You can’t change stripes overnight, and those demands by Israel – which always says it is willing to enter into negotiations without any preconditions, yet skewers the Palestinians when they bring demands before getting to the table – are saying to Hamas (and to the Palestinian Authority) “give up before we start.”
The art of negotiations is give and take, even with slimy characters like Hamas. If they are indeed part of the Palestinian government and Fatah is able to prevent them from launching missiles from Gaza and from continuing to wreak havoc on Israeli citizens, then Israel should take the step to achieve their goals that were stated by the security cabinet at the negotiating table.
We need to stop this ridiculous charade (“Security cabinet rules: No negotiations with armed Hamas,” 18 Oct).
There is not – nor has there ever been – any difference between the terrorist Mahmoud Abbas and his terrorist organization, which Prime Minister Benjamin Netanyahu has been supporting for years, and Hamas, which he refuses to destroy.
Netanyahu has been calling for years for unity between the two terrorist organizations. Deputy Foreign Minister Tzipi Hotovely said the Palestinian Authority could not play a “duplicitous game” of seeking international legitimacy and membership in international organizations while at the same time embracing a murderous terrorist organization, but it is Israel, not the PA, that is being duplicitous.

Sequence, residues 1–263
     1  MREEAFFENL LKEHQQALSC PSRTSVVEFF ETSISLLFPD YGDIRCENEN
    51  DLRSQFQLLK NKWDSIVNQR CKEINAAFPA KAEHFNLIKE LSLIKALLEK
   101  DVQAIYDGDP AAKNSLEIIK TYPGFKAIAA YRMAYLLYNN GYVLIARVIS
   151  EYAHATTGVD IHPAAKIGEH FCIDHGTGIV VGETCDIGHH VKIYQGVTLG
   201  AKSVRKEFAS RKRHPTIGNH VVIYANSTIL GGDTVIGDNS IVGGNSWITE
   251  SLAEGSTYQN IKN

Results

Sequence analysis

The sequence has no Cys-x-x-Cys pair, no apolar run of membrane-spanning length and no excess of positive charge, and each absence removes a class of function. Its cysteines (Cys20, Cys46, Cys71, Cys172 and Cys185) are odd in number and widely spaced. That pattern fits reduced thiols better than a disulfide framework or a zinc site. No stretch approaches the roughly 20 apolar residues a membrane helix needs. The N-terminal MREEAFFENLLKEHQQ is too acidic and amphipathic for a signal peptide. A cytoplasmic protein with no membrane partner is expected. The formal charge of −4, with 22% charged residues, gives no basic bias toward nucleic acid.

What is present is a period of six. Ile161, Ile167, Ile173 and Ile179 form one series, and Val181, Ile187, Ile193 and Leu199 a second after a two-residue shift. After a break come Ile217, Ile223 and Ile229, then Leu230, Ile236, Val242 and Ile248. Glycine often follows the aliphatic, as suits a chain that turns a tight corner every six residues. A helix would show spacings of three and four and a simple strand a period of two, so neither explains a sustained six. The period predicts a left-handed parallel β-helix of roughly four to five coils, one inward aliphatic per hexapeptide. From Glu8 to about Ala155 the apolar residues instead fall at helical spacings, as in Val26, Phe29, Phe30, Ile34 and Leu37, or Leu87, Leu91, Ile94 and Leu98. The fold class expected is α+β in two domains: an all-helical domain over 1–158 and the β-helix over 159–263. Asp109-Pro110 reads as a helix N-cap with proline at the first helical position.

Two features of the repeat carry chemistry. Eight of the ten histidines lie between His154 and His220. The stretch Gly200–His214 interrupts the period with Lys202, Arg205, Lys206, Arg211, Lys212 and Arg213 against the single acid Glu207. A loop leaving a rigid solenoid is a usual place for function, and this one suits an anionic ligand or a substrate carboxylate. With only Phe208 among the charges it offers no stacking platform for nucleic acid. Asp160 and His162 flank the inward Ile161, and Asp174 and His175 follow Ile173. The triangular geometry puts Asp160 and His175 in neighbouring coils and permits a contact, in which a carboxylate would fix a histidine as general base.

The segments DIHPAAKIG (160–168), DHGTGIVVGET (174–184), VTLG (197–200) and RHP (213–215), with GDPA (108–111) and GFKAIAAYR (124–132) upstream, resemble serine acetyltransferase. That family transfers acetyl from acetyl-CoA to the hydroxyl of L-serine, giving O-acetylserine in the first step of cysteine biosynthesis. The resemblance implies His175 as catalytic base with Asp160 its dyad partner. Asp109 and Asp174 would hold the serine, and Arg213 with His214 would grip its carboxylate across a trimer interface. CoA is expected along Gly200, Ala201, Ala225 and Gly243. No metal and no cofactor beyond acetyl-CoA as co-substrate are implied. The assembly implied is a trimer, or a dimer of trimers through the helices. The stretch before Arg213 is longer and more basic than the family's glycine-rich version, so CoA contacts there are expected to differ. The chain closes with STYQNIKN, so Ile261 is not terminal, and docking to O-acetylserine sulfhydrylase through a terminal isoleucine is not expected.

Hotovely said the PA chose “terrorism over peace and there is a price for that.” One wonders what might that price be, considering the many years it has been allowed to do exactly what it wanted with concessions from Netanyahu constantly increasing.
We have had enough of threats of what we will do that do not materialize. They only make us look what we are – weak and desperate.
Education Minister Naftali Bennett demanded severing connection with the PA as a result of the pact, which he said turned the PA into a “terrorist authority,” but this suggestion was not adopted by the security cabinet.
It would appear that Netanyahu and his government have been unaware during his too-long tenure, that Abbas has been calling for our destruction and that he and his gang of thugs are terrorists no less than Hamas.
They look on us as occupiers of their land and in fact everything we do points in that direction.
They know what they want and will not be deterred, while we are unable to even make a decision to build homes for our people without approval from our so-called friends. We are not even able to visit our holiest site, The Temple Mount, without approval from the Moslems.
Is it any wonder that our claim to the land is disputed? We have brought this disaster upon ourselves.
Netanya US is not the world
In “Zionist ‘shlichim’ should be as personal as Chabad ‘shluchim’” (October 18), Gil Troy, addressing “the ideological gap with Diaspora Jews,” refers to “liberal American Jews,” ”American Jewish kids,” and “American Jewish students” – but mentions no non-American Jews.
While 5.5 million Jews live in the US, there are another two million in the rest of the Diaspora.
I was born in Romania and studied and lived in Austria, Switzerland and Brazil. No Jews from any of those places are mentioned in Troy’s article.
Based on my experience in European and South American Jewish communities, I know that non- USA Diaspora Jews have important Israel-related issues different from those of US Jews.
Diaspora Jews are not synonymous with American Jews. I ask Troy and others who write on this topic to keep this in mind in future articles about the Diaspora.